We need to talk about depression (and the redunancy of the biomedical approach).
Rock up at your Doctor’s with a mental health condition and you’re likely to receive a pretty detached and reductive assessment of your condition – your GP will probably translate your symptoms into a series of numbers and feeding them into the computer, locate you on a scale of 1-10: the total score indicating your suitability for pharmaceutical intervention.
So what is the crack with anti-depressants, really? How effective are they?
Well, seemingly not that effective. A meta-review of published studies on the efficacy of antidepressant drugs for instance, reveals that SSRI’s, which are the most commonly prescribed drugs to treat depression: Under these circumstances, the fact that they are doled out so unconsciously in the West should give cause for concern. But when you consider the hegemony of biomedicine and its political economy (its insidious relationship with big pharmaceutical companies for example), the picture becomes clearer. Anti depressants won’t cure your depression, they’re a gimmick peddled for profit, based on unsound science and debased principles.
The application of anti-depressants to a complex phenomena such as depression, mirrors the reductive approach of biomedicine. If we’re ever going to find relief for those suffering, depression and mental illness in general demands a holistic approach on a case-by-case basis, and perhaps more radically, a critical stance on and transformation of the way life is structured in contemporary society.
The roots of mental illness lie in our embodied experience of the world: dependent on our immediate social, political and cultural context. From the pain of our histories too. The body also requires particular nourishment so as to not feel depressed, anxious or neurotic – and it’s important that our metabolism is working effectively for us to benefit from that nourishment. More and more research also points to the importance of a healthy balance of bacteria in the gut for optimum mental health, challenging narrow conceptions of health and disease, and opening up a notion of the human as an ecology, the health of which depends on an internal biodiversity and a harmonious interrelatedness with nature.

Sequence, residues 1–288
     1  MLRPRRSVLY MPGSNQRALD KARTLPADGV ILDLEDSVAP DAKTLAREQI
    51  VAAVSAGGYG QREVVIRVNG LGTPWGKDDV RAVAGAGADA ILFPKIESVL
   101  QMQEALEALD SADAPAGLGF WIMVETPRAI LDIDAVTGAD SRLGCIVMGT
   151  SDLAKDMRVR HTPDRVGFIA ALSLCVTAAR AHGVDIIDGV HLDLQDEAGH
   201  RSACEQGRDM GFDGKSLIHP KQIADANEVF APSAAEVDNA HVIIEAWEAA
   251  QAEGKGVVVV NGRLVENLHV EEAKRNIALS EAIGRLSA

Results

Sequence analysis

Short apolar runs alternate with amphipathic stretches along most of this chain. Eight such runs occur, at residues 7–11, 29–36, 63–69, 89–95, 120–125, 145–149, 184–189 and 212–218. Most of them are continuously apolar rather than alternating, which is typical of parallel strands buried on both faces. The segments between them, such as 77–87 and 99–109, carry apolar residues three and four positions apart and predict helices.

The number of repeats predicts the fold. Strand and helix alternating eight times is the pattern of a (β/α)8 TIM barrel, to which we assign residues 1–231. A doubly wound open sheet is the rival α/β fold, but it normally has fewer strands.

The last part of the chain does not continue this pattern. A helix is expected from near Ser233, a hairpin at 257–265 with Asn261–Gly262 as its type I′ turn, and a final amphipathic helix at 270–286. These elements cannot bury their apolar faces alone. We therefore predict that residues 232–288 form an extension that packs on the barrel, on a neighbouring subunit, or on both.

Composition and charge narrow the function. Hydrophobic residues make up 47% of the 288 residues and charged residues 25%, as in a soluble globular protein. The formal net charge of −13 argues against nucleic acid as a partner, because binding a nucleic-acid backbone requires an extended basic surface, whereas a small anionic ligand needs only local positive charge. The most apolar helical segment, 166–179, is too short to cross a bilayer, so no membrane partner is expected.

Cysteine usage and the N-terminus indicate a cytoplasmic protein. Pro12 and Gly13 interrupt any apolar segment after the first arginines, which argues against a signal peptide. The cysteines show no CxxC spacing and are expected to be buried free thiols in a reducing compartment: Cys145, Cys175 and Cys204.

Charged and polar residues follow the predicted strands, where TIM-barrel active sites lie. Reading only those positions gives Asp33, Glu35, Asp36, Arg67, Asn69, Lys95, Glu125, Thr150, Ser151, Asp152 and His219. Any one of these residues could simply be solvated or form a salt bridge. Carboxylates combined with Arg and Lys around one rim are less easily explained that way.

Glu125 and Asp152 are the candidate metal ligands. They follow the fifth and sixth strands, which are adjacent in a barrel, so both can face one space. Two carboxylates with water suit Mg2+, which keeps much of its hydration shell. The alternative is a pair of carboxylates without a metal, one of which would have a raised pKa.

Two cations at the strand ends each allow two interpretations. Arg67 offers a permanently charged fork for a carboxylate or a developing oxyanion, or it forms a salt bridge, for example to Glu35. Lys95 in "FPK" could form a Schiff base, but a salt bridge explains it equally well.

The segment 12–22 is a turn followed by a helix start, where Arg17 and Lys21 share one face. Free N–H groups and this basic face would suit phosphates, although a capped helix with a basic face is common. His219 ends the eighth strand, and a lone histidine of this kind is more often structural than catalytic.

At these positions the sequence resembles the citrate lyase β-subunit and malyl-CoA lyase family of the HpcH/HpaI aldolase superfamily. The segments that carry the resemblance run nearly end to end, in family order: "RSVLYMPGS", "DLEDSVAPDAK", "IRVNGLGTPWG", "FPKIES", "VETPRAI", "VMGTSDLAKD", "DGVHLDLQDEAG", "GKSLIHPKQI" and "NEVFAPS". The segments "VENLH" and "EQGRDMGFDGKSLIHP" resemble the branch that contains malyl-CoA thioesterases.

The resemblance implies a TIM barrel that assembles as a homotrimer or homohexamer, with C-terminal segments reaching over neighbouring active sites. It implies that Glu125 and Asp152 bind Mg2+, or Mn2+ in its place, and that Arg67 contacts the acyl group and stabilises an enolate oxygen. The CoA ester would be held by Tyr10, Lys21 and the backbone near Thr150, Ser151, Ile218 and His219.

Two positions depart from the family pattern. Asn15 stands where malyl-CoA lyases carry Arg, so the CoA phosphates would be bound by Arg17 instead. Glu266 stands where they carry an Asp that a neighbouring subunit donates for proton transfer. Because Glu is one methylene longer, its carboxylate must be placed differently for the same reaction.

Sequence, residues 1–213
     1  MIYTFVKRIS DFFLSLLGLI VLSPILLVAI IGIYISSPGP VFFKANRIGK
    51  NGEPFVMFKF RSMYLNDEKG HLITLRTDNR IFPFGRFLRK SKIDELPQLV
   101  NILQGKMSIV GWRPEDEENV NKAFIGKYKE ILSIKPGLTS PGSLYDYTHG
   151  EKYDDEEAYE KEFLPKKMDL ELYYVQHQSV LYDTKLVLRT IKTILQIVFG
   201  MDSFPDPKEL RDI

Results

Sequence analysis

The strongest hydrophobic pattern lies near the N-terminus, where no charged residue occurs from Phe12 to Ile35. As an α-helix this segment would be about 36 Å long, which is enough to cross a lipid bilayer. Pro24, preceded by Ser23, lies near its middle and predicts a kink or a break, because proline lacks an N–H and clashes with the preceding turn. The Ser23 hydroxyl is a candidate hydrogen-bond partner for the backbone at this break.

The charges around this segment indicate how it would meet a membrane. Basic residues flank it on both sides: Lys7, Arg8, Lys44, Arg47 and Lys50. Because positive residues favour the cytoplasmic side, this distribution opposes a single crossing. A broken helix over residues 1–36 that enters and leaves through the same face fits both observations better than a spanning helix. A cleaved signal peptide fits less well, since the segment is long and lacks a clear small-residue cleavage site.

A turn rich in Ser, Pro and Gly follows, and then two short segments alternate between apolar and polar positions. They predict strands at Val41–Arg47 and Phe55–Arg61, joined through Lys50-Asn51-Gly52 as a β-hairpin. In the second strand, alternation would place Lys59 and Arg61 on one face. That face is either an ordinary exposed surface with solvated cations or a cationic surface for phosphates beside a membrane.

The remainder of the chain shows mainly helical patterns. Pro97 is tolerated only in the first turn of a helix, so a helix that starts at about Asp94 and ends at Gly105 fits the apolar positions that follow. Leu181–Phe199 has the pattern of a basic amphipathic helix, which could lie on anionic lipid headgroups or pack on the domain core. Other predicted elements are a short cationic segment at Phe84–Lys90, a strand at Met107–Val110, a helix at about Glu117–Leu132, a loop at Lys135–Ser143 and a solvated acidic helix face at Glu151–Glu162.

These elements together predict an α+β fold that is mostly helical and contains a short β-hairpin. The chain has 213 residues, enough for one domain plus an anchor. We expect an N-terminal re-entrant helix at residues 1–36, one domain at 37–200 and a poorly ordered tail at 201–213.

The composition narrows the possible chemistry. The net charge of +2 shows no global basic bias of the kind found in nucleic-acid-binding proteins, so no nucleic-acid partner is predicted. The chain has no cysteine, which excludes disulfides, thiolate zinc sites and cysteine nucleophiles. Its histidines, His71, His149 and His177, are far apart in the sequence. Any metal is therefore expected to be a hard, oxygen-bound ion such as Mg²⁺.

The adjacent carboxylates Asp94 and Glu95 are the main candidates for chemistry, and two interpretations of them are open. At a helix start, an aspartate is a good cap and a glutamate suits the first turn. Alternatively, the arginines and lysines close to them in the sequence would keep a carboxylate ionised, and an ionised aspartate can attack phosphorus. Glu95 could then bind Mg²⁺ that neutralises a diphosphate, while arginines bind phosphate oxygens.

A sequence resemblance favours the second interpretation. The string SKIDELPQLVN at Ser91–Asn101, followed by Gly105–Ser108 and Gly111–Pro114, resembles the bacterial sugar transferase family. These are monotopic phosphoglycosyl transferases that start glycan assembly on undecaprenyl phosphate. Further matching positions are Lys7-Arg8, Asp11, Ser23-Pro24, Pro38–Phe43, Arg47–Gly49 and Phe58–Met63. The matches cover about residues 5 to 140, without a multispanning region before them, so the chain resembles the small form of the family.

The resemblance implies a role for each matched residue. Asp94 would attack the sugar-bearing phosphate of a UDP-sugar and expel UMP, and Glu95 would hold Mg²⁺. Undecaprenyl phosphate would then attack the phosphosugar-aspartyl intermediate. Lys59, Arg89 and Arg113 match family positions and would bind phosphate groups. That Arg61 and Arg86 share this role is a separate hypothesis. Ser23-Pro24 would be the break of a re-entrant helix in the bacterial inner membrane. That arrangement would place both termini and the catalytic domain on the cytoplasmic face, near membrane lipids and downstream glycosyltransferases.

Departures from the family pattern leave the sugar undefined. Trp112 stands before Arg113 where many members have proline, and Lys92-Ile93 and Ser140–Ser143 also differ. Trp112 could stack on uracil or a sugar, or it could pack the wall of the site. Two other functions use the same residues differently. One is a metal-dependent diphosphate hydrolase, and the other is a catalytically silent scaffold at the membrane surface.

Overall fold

For health, I invite you to approach the body as exactly that: an ecology in and of itself. A vibrant system where all parts are interdependent. An ecology situated within a larger ecology, which is our environment, the planet and its lifeforms. All symptom patterns, rather than being isolated events, stem from underlying dysfunction in the body, which in turn may also stem from a rupture or impropriety in the way we relate, biologically or consciously, to our environment at large. This is a perspective biomedicine seems to neglect, adopting an approach to human health that mechanistically focuses on dysfunction at the biological level and within individual systems, neglecting to encompass the functioning of the whole body-ecology, or how health is dependent on wider context.
“More and more research also points to the importance of a healthy balance of bacteria in the gut for optimum mental health, challenging narrow conceptions of health and disease, and opening up a notion of the human as an ecology, the health of which depends on an internal biodiversity and a harmonious interrelatedness with nature.”
A sound basis for mental health in particular, is undoubtedly nutrition. Which, whilst not a panacea for health is a solid foundation. In that, proper respect, practice and intrigue around wholesome food, traditional food knowledge and preparatory techniques serve as a gateway for real nourishment of the body, an awakening to the redundancy of current conceptions of health and disease and the unnecessary suffering perpetuated by the current system.